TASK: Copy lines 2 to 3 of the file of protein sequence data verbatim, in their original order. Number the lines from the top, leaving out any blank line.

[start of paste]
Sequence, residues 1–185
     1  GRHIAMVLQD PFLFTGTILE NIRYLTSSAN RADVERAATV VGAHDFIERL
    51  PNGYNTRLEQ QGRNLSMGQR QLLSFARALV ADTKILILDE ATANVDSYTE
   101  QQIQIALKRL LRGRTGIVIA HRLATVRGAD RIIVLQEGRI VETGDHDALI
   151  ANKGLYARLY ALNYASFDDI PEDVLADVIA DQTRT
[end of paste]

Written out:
     1  GRHIAMVLQD PFLFTGTILE NIRYLTSSAN RADVERAATV VGAHDFIERL
    51  PNGYNTRLEQ QGRNLSMGQR QLLSFARALV ADTKILILDE ATANVDSYTE